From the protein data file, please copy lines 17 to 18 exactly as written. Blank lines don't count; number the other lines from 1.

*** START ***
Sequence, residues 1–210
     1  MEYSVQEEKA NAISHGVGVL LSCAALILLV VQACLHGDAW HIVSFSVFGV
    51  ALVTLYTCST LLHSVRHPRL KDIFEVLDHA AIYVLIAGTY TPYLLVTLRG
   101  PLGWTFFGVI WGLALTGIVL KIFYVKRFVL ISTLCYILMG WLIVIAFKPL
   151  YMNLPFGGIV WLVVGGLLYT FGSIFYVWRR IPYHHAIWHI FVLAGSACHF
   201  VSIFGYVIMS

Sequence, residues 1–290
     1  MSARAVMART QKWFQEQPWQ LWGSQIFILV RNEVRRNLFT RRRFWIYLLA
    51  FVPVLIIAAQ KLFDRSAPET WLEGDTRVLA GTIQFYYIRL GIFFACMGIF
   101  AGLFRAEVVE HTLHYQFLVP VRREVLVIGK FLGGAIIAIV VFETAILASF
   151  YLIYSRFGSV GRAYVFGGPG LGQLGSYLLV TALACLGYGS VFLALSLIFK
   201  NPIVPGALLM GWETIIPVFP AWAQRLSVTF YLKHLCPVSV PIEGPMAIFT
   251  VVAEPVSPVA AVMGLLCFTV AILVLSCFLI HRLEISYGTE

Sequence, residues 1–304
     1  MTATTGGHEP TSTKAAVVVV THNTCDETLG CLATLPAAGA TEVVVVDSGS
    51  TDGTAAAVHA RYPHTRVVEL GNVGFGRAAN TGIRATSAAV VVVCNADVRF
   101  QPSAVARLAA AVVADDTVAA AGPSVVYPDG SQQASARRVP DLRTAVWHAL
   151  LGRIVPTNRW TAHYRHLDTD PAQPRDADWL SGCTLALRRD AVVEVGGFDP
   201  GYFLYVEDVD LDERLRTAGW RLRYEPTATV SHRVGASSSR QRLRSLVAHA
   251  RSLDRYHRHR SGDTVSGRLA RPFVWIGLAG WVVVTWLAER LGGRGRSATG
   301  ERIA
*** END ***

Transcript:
   101  QPSAVARLAA AVVADDTVAA AGPSVVYPDG SQQASARRVP DLRTAVWHAL
   151  LGRIVPTNRW TAHYRHLDTD PAQPRDADWL SGCTLALRRD AVVEVGGFDP